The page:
June 10, 2020 posted by

They spot the worker with the flag. Films directed by Sergei Eisenstein. Vladimir Popov as Aleksandr Kerensky. A proletarian director would not care enough to sustain such anger. October Ten Days that Shook the World But with Act III, the tension evaporates. No single observer or participant understood the Russian Revolution better than Leon Trotsky. The bourgeois, on their bank, laugh and clap as the workers flee.

It is a celebratory dramatization of the October Revolution commissioned for the tenth anniversary of the event. The 24th is too soon for insurrection. When a man who resembles Lenin reinforces the resemblance with poses and gestures, one senses in all these superficialities a complete emptiness, a total absence of thought, and it’s disgusting to watch it. Jan 1, Full Review…. They spot the worker with the flag. Ivan the Terrible, Part I

Student cadets, with well fed, chubby faces, arrive to defend it—they are like sleek piglets. It is a celebratory dramatization of the October Revolution commissioned for the tenth anniversary of the event. In the montage fusion, the soldier becomes his machine, he is reified into a brutal, dehumanized object.

Eisenstein choreographs the movements of the Wild Division from right sergwi left. The opulence of the Church and the absurdity of the Metropolitan of Novgorod is juxtaposed to a poor peasant woman, praying: AllMovie relies heavily on JavaScript.

Back and forth the fight continues.

Then Konavalov, the Minister of Trade and Industry—his symbol is a very ornate telephone—orders the Neva drawbridges raised, separating the bourgeois and working class sections.

Use the HTML below. A huge tank rears up, consuming the screen. Eisenstein just keeps impressing me.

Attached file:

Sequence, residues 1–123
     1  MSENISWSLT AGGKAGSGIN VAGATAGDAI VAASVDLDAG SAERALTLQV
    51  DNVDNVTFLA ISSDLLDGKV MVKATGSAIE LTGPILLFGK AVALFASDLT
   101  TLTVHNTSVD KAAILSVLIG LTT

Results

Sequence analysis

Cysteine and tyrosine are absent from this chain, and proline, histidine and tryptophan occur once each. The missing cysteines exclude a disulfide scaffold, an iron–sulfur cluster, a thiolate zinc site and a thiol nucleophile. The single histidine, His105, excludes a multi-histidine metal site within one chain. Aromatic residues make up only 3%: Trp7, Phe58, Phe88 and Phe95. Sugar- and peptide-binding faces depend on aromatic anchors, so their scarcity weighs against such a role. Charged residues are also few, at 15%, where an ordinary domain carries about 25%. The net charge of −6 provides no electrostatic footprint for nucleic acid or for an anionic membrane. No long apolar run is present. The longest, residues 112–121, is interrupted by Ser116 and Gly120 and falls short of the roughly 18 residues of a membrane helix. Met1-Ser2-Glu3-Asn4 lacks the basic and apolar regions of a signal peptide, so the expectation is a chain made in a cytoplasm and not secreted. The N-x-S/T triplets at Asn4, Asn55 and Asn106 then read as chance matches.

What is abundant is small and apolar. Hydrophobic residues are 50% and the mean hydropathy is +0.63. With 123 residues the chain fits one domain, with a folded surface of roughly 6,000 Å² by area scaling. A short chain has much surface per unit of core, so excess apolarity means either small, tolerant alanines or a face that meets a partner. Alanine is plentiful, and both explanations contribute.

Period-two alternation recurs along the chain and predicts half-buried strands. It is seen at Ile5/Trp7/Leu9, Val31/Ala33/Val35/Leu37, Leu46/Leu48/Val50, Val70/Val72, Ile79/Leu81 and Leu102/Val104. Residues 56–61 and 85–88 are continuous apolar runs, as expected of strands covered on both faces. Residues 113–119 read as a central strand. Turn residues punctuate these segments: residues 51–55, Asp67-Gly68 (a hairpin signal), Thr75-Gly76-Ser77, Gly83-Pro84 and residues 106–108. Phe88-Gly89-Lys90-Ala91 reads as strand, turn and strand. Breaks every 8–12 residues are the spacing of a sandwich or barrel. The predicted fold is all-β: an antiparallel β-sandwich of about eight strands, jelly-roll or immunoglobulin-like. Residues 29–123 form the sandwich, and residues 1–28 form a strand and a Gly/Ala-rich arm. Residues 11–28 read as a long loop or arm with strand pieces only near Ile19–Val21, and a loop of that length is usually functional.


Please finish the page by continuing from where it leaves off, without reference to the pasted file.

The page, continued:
The arsenal is opened and arms are distributed to the people: I think that Sergei Eisenstein, who has rightfully been credited as one of the grandfathers of modern cinema, is sometimes forgotten as someone who can sergeo direct great epic scenes along with making them expertly edited.

Sergei Eisenstein Grigori Aleksandrov.

October (Ten Days that Shook the World) () – IMDb

Cutting from the map to the action gives the film an organic quality rare in silent movies. This is the French S.

Woodrow Wilson was wrong – this is what writing history with lightning looks like. The Cruiser Aurora rests at anchor in the winter dawn: There is nothing mystical or sacred about the throne. What we see of Act III is perfunctory and unsatisfactory.


October: Ten Days That Shook the World – Wikipedia

Thus aesthetic criticism of Eisenstein continues. October is an intuition of what Pushkin called the merciless senselessness of the Eiaensteinthe 18th-century peasant revolt from which the ruling classes learned secretly to fear and hate the lower orders. Silent film Russian original intertitles. The events gave him the perfect pretext for explosive unruliness on a grand scale. It has a stranger-than-fiction reality.

A series of small operations, calculated and prepared in advance, remain separated one from another both in space and time. A History of the Russian and Soviet Film. Close-up shot of his foot on the wheel the Bolshevik wheel of history is about to roll.